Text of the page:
It’s time for the Scottish Tories to get back in touch with reality.
As much as Ruth Davidson tries to distance herself from her colleagues in London, the record shows that her party has been a vocal and passionate supporter of the worst aspects of Tory cuts.
With Tory politicians loudly backing the two-child cap, benefit sanctions and calling for the minimum wage to be scrapped – it’s clear that the Tory plan for Scotland is one to increase poverty.
Tory Claim: There should be “restrictions” on families for the poor
Michelle Ballantyne has repeatedly argued that people receiving benefits should face “restrictions” on having children.
She this week defended the two-child cap and rape clause by arguing: “it is fair that people on benefits cannot have as many children as they like”.
She previously said: “That’s a debate we’re going to have to have in Scotland in terms of whether we feel there should be no restriction on the number of children you can have.”
She continued: “If you are looking for it in terms of what is nice, and what feels good then it’s easy to say we shouldn’t impose limits.”
— The SNP (@theSNP) October 24, 2018
The two-child cap will put at least 150,000 children in Scotland at higher risk of poverty by 2021.
In fact, the Child Poverty Action Group said: “if you set out to design a policy that was targeted to increase child poverty, then you could not do much better than the two-child limit.”
The two-child cap has nothing to do with planning a family. From next February it will apply to new claimants regardless of when their children were born – so a family who face a change of circumstances, such as losing their job or splitting with a partner, will be hit with the two-child cap.
This is an ideological attack on working and low-income families – and it will harm children the most.
Tory Claim: No “hard evidence” on foodbank demand
Michelle Ballantyne has also claimed that we don’t know why foodbank demand is rising.
She said: “what we haven’t got is hard evidence about what the real causes are… I haven’t yet seen the concrete evidence of where that’s coming from.”
There is a wealth of evidence showing that foodbank demand is directly linked to Tory welfare policy.
The Trussell Trust – the largest foodbank provider – have said that the roll-out of Universal Credit is directly linked to foodbank demand.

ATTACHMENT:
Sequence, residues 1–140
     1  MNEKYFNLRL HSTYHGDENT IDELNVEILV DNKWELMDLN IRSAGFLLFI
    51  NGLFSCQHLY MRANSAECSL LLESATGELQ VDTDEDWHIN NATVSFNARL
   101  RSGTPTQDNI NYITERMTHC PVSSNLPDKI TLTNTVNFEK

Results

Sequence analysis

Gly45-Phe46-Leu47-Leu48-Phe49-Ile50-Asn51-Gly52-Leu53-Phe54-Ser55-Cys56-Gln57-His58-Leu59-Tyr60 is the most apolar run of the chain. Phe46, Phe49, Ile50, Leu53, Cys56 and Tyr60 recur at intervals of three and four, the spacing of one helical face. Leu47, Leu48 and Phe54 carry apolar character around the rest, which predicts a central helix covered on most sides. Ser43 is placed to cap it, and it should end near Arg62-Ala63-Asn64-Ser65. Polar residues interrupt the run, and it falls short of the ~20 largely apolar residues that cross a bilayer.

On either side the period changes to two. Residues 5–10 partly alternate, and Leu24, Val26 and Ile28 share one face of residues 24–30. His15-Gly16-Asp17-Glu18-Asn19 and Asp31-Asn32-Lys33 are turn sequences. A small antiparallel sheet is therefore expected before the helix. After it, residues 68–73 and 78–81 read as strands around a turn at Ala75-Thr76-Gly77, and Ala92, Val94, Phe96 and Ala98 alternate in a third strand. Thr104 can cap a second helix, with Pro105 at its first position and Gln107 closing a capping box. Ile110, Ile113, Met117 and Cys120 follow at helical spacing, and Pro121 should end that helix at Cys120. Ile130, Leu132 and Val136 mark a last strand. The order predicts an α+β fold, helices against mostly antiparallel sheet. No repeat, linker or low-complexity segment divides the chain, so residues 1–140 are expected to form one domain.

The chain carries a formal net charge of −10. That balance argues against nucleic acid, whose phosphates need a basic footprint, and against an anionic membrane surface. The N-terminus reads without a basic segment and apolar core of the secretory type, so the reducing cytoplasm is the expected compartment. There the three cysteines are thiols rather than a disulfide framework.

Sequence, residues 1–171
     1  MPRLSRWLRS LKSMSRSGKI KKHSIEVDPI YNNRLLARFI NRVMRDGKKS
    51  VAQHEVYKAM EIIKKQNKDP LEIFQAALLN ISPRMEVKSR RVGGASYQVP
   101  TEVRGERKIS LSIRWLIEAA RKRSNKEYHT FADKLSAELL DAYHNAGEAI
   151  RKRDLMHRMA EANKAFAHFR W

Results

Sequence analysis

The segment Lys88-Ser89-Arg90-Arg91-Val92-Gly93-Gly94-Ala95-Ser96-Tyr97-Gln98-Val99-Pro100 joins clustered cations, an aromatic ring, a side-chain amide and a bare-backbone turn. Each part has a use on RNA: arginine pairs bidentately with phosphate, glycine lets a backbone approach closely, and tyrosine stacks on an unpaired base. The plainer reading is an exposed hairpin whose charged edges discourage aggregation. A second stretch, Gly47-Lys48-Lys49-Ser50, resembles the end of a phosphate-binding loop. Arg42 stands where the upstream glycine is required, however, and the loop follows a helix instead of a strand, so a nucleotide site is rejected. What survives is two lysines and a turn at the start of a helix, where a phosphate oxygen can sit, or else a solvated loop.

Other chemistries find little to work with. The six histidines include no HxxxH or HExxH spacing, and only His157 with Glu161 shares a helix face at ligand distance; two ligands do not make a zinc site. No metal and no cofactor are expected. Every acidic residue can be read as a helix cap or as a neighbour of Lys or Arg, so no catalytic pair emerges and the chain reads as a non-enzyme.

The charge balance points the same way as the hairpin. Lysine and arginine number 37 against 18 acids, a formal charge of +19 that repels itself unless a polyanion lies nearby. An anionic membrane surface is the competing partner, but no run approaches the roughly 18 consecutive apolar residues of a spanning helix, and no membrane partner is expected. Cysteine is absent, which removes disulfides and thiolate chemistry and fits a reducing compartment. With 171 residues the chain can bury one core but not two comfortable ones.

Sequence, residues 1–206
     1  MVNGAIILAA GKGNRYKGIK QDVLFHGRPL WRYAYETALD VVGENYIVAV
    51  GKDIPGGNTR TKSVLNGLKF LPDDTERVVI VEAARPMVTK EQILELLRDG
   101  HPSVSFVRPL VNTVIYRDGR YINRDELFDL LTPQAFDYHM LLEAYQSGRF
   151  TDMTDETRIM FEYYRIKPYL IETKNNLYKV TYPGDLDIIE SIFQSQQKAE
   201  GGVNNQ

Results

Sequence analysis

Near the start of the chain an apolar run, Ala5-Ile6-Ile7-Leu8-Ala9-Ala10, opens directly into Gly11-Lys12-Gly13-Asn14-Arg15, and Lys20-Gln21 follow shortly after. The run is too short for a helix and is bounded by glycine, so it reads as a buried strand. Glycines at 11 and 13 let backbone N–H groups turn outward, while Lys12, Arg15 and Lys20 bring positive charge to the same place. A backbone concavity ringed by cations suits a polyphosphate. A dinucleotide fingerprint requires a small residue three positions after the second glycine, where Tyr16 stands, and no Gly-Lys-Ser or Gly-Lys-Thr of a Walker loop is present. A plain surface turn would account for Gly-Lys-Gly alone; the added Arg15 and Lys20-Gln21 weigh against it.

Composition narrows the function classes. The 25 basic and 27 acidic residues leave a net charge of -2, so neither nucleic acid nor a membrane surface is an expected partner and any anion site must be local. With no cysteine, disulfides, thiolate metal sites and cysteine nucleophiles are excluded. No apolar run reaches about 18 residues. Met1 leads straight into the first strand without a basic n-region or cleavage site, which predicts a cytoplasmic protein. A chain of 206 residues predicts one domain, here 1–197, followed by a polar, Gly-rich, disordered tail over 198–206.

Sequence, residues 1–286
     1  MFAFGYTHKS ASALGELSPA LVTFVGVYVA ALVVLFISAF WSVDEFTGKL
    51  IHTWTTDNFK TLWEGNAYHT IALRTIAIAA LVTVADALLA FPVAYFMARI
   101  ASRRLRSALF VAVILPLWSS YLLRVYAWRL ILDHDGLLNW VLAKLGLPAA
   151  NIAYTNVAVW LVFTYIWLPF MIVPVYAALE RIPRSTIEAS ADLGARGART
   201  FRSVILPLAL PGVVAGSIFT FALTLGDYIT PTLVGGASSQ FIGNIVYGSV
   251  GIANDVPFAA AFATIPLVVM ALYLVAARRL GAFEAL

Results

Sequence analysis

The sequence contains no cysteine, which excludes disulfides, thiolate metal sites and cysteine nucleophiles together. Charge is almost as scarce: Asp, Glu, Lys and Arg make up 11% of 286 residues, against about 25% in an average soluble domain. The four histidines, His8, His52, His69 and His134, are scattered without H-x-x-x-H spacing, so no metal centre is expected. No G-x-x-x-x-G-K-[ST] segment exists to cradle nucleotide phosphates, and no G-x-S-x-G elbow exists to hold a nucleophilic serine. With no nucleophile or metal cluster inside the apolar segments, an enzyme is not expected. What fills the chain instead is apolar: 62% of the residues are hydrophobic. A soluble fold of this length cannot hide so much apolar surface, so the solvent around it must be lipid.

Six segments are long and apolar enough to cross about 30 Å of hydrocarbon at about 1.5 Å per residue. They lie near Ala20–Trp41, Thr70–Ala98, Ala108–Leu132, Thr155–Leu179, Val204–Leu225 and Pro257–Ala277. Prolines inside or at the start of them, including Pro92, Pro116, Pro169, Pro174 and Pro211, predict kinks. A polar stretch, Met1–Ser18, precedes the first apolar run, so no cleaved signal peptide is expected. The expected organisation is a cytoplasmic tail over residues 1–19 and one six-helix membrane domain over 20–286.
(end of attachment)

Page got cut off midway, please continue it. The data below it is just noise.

In fact, the Trussell Trust have been warning about the impact of Tory welfare policy for years – in 2013 they said that demand was driven by cuts such as the Bedroom Tax.
And a major Oxford University study found that the use of benefit sanctions was directly linked to foodbank demand.
There’s no excuse for a Tory politician to say they’ve not heard the evidence – they’re just not listening.
Tory Claim: Only “tiny” numbers hit by sanctions… when Scots sanctioned 400,000 times
The previous Tory welfare spokesperson didn’t have a better grasp of the facts.
In a debate into research that found sanctions left people “near destitute”, Adam Tomkins defended sanctions as “important”.
He said: “Sanctions affect only a tiny number of claimants… Only about 2 per cent of jobseekers are sanctioned and a quarter of 1 per cent of employment and support allowance claimants are sanctioned.”
A year before Mr Tomkins claimed only “tiny” numbers were being sanctioned, the UK Statistics Authority demanded the Tories start using “objective and impartial” figures.
The statistics watchdog pointed out that sanctions were much higher than the UK government were claiming – and, in fact, 18% of JSA claimants had been sanctioned in 2013/14.
Figures compiled by impartial researchers at the Scottish Parliament’s Information Centre found that Scots have been sanctioned a staggering 400,000 times since 2010.
The Tory sanctions regime has been riddled with errors and abuses – such as seeing claimants sanctioned because they were in hospital following a heart attack.
The research Mr Tomkins was debating found that sanctions had “detrimental financial, material, emotional and health impacts” – and in extreme cases people were “pushed towards ‘survival crime’”.
Tory Claim: The minimum wage should be scrapped
Shortly before being elected, Tory MSP Rachael Hamilton argued that minimum wage laws should be scrapped.
She said: “Why do politicians think they have a right to decide the minimum wage? It’s businesses who pay wages.”
The minimum wage shouldn’t be scrapped – it should be replaced with a real Living Wage.
Scrapping the minimum wage would drive poverty and would be bad for the economy, with people left with less money in their pockets.
Instead, people should be paid a real Living Wage – calculated independently to meet the cost of living.
Scotland already has the highest proportion of employees paid the real Living Wage of any country in the UK.
— David Linden MP (@DavidLinden) November 1, 2017
Tory Claim: The Bedroom Tax an “opportunity”
Scottish Tory MP Ross Thomson branded the Bedroom Tax – which saw mainly disabled people hit by benefits cuts – an “opportunity”.
When challenged on the impact of the policy in Aberdeen, Mr Thomson said: “There’s going to be opportunities… There’s going to be more people in Aberdeen who benefit from this than lose out, there are so many more opportunities than there are challenges.”
The SNP have fully mitigated the Bedroom Tax in Scotland – and we will scrap it when we have the powers to do so.
According to the UK government’s own figures two thirds of those affected by the Bedroom Tax are disabled – and three quarters of those hit were forced to cut back on food.
It’s hard to find the promised opportunity.
— The SNP (@theSNP) May 13, 2017